Whistle While You Work: OSHA Draft Policy Seeks to Prevent Retaliation for Employees Reporting Safety Concerns

On November 6, 2015, OSHA issued a draft policy entitled “Protecting Whistleblowers: Recommended Practices for Employers for Preventing and Addressing Retaliation,” for which it informally seeks public comment through January 19, 2016. The draft policy seeks to facilitate an environment in which employees can freely raise OSHA concerns without the fear of employer retaliation. This whistleblower protection policy specifically focuses on improving safety incentive programs that employers could use in a retaliatory manner against workers who raise such concerns.

In its endeavor to create a culture free from retaliation, OSHA drafted a paragraph with recommended steps for employers, including “[e]liminating all formal and informal workplace incentives that encourage or allow retaliation or discourage reporting. Examples of problematic incentives include rewarding employee work units with prizes for low injury rates or linking supervisory bonuses to lower reported injury rates.” While this notion is broad in scope, OSHA officials seek public comment tailored to the obstacles facing implementation of these practices.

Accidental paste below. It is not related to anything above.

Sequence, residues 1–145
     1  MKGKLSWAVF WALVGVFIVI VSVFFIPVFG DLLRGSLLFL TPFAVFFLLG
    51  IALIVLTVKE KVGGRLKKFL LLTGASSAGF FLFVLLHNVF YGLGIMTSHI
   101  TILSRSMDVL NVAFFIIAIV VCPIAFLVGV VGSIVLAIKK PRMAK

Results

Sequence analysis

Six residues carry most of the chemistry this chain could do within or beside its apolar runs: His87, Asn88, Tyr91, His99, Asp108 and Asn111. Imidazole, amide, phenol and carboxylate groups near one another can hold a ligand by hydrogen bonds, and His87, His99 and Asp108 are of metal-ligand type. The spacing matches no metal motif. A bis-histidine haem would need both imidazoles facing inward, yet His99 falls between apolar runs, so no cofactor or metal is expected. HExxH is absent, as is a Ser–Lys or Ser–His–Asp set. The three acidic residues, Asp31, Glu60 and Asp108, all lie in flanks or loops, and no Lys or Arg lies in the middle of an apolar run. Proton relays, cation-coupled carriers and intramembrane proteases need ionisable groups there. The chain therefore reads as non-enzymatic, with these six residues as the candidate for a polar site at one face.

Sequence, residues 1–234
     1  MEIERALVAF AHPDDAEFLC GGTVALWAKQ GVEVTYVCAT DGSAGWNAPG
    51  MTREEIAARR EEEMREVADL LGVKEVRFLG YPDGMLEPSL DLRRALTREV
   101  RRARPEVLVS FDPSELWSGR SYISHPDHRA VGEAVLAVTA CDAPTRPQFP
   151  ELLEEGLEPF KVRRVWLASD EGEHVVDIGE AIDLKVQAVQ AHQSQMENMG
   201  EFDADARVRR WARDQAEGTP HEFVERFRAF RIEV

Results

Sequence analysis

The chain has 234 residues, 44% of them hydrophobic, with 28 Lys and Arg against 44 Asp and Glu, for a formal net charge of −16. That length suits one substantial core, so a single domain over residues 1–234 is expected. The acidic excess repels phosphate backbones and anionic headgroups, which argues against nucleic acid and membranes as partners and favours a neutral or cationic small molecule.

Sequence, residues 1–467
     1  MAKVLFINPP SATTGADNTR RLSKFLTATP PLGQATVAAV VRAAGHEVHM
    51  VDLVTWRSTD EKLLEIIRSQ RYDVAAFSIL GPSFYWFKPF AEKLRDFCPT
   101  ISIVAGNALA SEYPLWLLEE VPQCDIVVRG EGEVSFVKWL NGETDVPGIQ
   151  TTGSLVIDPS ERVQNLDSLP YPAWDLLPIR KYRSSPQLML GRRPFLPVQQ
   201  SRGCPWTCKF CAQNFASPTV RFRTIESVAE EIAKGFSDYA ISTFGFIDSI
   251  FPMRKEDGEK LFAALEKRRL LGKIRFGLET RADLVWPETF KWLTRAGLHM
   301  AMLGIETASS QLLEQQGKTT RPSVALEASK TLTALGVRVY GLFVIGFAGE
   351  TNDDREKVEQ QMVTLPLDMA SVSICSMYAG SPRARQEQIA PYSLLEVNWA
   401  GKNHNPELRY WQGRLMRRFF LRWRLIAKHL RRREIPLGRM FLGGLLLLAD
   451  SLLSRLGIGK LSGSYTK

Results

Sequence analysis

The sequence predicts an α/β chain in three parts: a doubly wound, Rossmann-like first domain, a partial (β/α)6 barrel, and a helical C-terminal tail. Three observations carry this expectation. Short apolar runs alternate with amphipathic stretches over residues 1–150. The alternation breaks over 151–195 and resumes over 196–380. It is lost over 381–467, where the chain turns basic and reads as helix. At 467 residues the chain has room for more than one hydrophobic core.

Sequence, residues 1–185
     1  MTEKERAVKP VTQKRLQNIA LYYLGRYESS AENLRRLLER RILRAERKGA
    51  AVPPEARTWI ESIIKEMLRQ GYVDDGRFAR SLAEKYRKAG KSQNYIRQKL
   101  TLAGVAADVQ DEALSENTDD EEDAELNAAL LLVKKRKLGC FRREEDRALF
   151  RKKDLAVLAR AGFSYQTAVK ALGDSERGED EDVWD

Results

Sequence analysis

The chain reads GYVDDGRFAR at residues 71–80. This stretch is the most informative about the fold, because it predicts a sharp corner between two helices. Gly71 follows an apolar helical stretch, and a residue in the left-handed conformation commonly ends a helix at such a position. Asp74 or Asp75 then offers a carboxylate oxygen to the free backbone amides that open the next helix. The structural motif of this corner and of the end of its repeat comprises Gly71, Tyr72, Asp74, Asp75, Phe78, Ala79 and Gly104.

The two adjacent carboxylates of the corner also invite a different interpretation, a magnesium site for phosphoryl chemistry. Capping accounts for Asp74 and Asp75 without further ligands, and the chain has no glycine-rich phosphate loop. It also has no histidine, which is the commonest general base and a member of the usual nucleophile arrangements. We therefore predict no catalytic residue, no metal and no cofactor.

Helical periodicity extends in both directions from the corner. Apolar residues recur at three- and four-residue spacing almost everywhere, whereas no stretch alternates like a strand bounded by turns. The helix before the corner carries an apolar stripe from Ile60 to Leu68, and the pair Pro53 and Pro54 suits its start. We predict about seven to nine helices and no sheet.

The language contained in OSHA’s new draft policy paper coincides with a pending rule that directly confronts the same issues. The pending rule arose from a previously articulated concern over an employer’s potential misuse of certain safety incentive programs that could result in deflated injury or illness reporting, or any practice that might deter workers from reporting OSHA concerns even when injuries have occurred. OSHA described those aberrations as violative of whistleblower regulations and sought to prevent them with the pending rule and, now, through its draft policy.

OSHA officials believe the final policy will provide practical guidance on protecting whistleblower rights for all sectors through its guidelines for leadership commitment to an anti-retaliatory culture, retaliation response practices and anti-retaliation training. Ultimately, OSHA is striving to “protect the integrity of the injury and illness data,” by deeming it a violation for an employer to “discourage employee reporting in these ways,” it said.

The draft policy may be found by clicking here.


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